Spring Break


Check out this adorable sign from the maple farm! There are four within our region, some offering pancake breakfasts and horse-drawn sleigh rides through the maple trail. Mom asked if I wanted to go out when I arrived home from spring break, and I thought all I want to do is lay around and do nothing. But the maple farm is only open to the public twice a year, or so she said, and I have a total of 8 other days to sit around and watch t.v. When I called my job at the VA, they reported back about a hiring freeze. Freeze? Hiring? VA? They seemed to know little about it other than the fact I couldn’t come back. So here I sit- slouch rather- twiddling my thumbs over spring break. I’ve been outside a few times already. I even cracked a book. Best of all, I’ve blogged.

Looking at this map, it looks like Canada and the Northeastern part of the States are the only places cold enough to have sugar maple. How lucky! For those like me who are clueless about maple, it’s pretty simple. 1. Maple is drawn out of the trees through tubes with a small vacuum pump 2. Sap runs through a reverse-osmosis machine that essentially removes the extra water 3. Maple is brought to a near boil to condense it further and make it sweeter.

Maple Syrup map from National Geographic Blog.

Maple syrup starts light and gets darker later in the season. The farm we went to had all sorts of products, from maple mustard to maple cotton candy, maple cream, coffee, and sweets. They were also growing hops in the backyard. But it was a bad season, the owner said, because it’s been too warm. There has to be a balance between freezing nights and warmer days for sap to flow. Better luck next year. More on growing your own maple here.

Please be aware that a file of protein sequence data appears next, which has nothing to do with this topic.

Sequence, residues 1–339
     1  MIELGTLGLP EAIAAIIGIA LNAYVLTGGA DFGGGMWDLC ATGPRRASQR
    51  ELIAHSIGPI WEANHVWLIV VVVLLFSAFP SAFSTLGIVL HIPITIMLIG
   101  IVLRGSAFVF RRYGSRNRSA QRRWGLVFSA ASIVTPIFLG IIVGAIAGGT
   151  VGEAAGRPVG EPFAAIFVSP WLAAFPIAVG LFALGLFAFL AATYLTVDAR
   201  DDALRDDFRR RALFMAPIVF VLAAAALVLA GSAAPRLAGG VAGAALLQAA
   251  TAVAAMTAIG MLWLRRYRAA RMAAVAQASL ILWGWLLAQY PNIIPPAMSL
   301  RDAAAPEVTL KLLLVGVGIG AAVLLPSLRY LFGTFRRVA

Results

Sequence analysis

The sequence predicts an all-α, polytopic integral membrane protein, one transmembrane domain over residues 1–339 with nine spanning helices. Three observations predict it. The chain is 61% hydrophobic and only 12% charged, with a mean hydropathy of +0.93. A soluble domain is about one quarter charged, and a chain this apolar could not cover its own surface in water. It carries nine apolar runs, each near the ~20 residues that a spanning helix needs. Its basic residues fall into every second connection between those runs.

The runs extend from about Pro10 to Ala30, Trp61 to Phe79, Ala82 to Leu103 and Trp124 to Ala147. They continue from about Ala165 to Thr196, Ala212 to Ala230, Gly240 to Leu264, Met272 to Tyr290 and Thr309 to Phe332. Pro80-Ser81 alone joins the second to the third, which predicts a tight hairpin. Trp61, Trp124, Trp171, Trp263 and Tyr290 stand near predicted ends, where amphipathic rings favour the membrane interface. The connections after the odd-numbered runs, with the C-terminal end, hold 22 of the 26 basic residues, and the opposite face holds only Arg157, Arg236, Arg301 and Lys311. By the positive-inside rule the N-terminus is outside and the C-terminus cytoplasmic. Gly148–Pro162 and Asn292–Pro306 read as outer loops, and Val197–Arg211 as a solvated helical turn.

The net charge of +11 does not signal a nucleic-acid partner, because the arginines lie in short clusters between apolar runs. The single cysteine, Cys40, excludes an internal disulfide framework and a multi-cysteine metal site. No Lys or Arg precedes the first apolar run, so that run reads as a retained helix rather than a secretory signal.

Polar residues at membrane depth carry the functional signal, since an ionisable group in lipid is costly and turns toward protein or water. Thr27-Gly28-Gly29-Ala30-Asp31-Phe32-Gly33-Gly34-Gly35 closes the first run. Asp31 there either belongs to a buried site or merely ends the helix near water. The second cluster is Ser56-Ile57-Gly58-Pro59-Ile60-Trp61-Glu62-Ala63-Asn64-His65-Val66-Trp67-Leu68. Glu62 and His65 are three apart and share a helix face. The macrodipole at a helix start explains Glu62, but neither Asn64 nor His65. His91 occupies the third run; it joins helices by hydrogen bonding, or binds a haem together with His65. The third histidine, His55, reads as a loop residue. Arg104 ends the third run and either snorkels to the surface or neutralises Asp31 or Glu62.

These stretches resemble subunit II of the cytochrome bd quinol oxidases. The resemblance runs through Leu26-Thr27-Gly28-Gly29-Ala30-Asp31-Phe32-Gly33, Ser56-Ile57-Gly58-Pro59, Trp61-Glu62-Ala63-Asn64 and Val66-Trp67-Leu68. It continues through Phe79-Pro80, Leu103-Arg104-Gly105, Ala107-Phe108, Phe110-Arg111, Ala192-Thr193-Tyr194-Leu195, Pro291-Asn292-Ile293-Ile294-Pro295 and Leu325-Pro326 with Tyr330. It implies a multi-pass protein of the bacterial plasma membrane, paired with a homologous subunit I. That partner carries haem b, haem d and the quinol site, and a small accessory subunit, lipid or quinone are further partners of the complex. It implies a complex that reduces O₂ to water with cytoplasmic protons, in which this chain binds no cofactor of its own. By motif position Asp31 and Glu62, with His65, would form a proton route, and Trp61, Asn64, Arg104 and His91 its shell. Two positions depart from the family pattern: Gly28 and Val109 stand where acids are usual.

8 responses to “Spring Break”

  1. Glad to see that taking care of our veterans means putting a hiring freeze on the VA. On a less political note, the Parks system I used to work for had it’s own maple sugaring program. It’s quite a fascinating process, and the end product is delicious!

    Liked by 2 people

    1. Haha. It’s awesome that trees generally don’t mind when we use them for maple syrup! Did you guys get to take home the maple? :O

      Liked by 2 people

      1. Us park employees didn’t get to take home any maple syrup, but the visitors might have been able to. Our maple sugaring station didn’t actually produce much syrup: it was mainly for demonstration. But it was still cool to see how the process unfolds.

        Liked by 2 people

  2. Maple cotton candy and maple sweets, those sounds are great😋.
    Well narrated about the process. Simple and quick !!

    Liked by 2 people

  3. mouthwatering! many thanks for visiting my blog – especially as its led me to your lovely site 🙂

    Liked by 1 person

  4. It truly is adorable, but instead of saying Spring brake it was more of a SPRING FUNNY

    Liked by 1 person

  5. You’re right about the northeast and also Canada, where I live. In fact, the biggest maple syrup festival in Ontario takes place next weekend — even though spring has fully arrived and the temperatures are warm enough for light coats and no gloves. Nice post. Enjoyed it.

    Liked by 1 person

    1. Thanks for the input 🙂 That festival sounds delicious, if only I didn’t have finals I would go!!!!

      Liked by 1 person

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